Elected: 1976, 19th term.
Born: May 20, 1949, Beckley, WV
Home: Beckley, WV
Education: Duke U., B.A. 1971, George Washington U., attended 1972
Professional Career: Civil Air Patrol, 1977–88; Staff asst., U.S. Sen. Robert Byrd, 1971–74; Bd. of Dir., Rahall Communications Corp. 1974–76; Pres., Mountaineer Tour & Travel Agency, 1974–76; Pres., WV Broadcasting Corp. 1980–2001.
Family: Married (Melinda Ross) , 3 children ; 3 grandchildren
Democrat Nick Rahall, first elected in 1976, is the ranking minority member on the Transportation and Infrastructure Committee and an avid guardian of his state’s coal interests. He used to regularly win reelection with two-thirds of the vote, but his margins of victory have narrowed as West Virginia has grown more conservative.
Rahall comes from the thin economic upper crust of the coal country. His family owned radio and television stations in Beckley and in St. Petersburg, Fla. He graduated from Duke University, worked on Democratic Sen. Robert Byrd’s staff, and then in his family’s businesses. In 1976, when Democratic Rep. Ken Hechler ran for governor, Rahall ran for the House and won a five-candidate Democratic primary with 37% of the vote. Hechler, after losing the primary to Jay Rockefeller, returned to the district and ran as a write-in. Rahall spent $236,000 of his own money on his campaign—an enormous sum in those days—and beat Hechler 46%-37%.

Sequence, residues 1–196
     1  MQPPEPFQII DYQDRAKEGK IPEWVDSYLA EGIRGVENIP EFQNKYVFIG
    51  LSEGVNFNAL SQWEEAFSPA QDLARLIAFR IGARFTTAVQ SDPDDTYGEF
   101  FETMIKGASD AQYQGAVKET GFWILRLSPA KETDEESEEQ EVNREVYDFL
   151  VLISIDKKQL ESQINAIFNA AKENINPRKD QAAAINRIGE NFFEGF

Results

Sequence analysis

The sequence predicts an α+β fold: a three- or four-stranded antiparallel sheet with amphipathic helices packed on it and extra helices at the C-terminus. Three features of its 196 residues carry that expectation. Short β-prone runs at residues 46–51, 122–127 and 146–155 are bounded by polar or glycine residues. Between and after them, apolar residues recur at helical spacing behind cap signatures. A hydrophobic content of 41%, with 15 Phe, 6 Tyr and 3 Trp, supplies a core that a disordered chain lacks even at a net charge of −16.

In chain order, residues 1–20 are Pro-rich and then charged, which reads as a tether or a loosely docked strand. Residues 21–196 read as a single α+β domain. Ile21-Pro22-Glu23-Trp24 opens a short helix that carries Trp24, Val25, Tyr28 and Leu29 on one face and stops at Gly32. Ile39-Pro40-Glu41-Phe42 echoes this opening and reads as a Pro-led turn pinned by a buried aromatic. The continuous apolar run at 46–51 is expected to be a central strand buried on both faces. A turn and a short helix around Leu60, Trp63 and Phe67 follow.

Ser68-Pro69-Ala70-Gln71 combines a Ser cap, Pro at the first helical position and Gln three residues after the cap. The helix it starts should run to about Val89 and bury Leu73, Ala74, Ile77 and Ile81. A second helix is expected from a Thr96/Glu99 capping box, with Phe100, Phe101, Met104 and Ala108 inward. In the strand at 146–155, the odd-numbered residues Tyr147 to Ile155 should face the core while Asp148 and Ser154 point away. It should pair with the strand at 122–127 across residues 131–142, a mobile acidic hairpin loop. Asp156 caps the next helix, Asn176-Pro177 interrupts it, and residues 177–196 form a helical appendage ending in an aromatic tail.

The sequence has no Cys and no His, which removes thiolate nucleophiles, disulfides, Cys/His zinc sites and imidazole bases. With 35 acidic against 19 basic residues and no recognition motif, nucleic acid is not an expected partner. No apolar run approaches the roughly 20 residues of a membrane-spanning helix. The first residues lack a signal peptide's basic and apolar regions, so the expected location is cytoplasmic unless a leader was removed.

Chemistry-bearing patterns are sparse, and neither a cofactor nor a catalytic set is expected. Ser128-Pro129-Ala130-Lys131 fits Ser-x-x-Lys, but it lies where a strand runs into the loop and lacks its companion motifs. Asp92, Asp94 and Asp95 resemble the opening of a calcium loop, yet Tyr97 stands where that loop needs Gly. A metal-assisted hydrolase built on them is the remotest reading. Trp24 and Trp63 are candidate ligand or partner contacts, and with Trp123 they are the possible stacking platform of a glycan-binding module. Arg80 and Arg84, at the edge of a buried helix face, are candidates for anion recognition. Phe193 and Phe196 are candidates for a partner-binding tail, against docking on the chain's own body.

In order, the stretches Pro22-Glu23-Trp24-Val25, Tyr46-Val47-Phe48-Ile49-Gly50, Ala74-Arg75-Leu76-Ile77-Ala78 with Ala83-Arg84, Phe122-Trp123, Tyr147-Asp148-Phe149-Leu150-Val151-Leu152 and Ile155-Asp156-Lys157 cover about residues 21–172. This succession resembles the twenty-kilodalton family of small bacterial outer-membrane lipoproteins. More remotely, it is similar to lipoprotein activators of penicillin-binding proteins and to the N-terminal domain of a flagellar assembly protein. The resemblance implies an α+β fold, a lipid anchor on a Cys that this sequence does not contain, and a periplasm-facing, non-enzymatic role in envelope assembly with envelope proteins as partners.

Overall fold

Rahall got seats on the Interior and Public Works committees in his first term, fine assignments for a young member from a rural district with low incomes and poor roads. Rahall’s voting record puts him near the center of the House. He is conservative on social issues—he opposes abortion rights and received an “A” rating from the National Rifle Association through 2012. He was one of 17 House Democrats to join most Republicans in June 2012 in voting for criminal contempt charges against Attorney General Eric Holder in connection with the controversial “Operation Fast and Furious” gun-tracing operation.